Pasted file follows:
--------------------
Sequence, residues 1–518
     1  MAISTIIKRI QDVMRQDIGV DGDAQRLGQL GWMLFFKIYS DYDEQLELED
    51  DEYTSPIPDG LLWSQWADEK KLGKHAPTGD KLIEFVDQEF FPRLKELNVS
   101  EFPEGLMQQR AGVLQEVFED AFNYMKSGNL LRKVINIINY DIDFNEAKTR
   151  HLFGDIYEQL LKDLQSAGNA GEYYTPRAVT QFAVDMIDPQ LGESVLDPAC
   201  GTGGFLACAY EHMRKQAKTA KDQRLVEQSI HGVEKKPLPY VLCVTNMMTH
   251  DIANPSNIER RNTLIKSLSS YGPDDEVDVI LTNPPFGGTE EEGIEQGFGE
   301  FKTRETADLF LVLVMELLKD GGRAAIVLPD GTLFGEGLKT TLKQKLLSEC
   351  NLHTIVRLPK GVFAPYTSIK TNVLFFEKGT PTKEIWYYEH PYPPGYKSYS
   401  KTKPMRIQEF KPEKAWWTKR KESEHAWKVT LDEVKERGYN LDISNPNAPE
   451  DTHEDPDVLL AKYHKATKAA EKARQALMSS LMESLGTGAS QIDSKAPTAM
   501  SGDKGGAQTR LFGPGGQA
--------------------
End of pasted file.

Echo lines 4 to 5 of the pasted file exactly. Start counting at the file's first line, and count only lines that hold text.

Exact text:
   101  EFPEGLMQQR AGVLQEVFED AFNYMKSGNL LRKVINIINY DIDFNEAKTR
   151  HLFGDIYEQL LKDLQSAGNA GEYYTPRAVT QFAVDMIDPQ LGESVLDPAC